Signac was passionate about this new found system, hailing it as “an aesthetic rather than a technique”. In his attempts to promote it, he became the first ever foreign artist to join the Belgian group, ‘Les Vingt’. Signac also continued to refine his own talent and his later artworks presented dotwork on an almost cellular level. Signac paralleled this precision to the sciences, saying “the colourist has in some ways elements of mathematics”.

Expand to read more

9. Still Life with a Book (1883)

An observational study, this painting reveals the trials and tribulations of Signac’s practice prior to adopting Divisionism.

The impact of the Impressionists is very present in this work, which is unsurprising as during the 1880s Signac was in the process of moulding his own style from Claude Monet’s. In a message penned to Monet, he wrote, “my only models have been your own works”.

'Still Life with a Book' by Signac in 1883, currently at Gemäldegalerie, Berlin, Germany

Here, Signac’s tribute to his hero is most evident in the line art. Utilising long and rough brushstrokes, Signac builds up the image with generous amounts of paint. This technique differs in comparison to his later works, demonstrating his professional progression during this period.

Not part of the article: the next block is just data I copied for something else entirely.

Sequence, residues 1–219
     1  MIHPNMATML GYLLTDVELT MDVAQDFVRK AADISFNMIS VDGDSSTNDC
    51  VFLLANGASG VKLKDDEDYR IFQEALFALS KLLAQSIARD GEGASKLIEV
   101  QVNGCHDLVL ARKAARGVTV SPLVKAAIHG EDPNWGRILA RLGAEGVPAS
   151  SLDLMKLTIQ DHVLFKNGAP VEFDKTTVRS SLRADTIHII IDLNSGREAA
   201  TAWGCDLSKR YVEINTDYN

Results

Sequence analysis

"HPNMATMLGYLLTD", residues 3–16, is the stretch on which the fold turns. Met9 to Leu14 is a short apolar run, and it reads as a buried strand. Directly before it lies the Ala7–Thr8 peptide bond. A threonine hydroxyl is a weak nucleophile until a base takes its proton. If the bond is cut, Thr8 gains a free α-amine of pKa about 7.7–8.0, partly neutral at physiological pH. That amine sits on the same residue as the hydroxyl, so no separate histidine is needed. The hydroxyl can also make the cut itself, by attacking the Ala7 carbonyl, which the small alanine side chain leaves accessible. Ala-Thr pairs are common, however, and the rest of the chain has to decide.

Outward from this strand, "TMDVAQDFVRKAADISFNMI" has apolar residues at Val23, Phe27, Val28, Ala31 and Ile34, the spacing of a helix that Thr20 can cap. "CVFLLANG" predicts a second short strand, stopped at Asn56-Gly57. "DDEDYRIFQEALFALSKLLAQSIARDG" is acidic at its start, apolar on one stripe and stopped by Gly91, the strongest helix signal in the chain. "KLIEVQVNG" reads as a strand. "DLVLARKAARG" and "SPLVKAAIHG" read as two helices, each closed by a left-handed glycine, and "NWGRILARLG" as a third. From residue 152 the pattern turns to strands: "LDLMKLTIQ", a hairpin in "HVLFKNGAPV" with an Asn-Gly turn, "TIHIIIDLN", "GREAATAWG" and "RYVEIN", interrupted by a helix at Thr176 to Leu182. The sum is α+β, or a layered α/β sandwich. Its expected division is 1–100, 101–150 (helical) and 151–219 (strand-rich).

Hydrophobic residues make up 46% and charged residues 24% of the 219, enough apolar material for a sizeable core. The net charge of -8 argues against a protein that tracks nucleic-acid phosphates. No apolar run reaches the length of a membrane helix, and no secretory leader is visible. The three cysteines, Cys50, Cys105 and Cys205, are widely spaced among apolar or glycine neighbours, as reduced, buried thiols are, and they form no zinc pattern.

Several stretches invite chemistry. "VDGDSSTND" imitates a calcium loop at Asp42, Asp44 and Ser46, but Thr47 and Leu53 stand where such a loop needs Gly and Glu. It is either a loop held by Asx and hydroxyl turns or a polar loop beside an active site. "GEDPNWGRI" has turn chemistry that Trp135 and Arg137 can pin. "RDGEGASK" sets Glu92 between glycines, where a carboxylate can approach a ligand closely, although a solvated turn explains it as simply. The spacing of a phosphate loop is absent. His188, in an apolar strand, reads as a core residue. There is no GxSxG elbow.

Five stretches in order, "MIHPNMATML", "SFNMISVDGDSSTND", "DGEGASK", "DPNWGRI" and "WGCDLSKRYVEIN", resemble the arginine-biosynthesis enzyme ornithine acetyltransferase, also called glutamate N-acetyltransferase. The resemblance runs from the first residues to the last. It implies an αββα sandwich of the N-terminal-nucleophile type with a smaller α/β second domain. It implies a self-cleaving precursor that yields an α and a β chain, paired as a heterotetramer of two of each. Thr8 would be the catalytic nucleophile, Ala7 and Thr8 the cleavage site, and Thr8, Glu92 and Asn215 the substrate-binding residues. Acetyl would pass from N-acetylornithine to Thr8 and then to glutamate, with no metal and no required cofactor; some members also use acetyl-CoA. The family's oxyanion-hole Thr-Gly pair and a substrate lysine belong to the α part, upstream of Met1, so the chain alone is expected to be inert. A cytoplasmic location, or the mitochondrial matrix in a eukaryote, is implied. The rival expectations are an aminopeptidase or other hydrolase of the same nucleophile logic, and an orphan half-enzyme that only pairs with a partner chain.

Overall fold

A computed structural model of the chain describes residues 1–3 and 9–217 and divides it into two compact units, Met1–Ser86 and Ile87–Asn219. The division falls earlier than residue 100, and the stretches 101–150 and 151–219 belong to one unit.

When it comes to composition, each object in the still life is thoughtfully placed. It is likely that the youthful Signac purposefully did this to help hone his aptitude for painting negative space. It also lets each element have the limelight. At a slant, the book is offset, creating an angular bottom corner of the canvas. Comparatively, the roundness of the fruits creates naturalistic curves. This differentiation between shapes adds more flavour and flair to the overall work.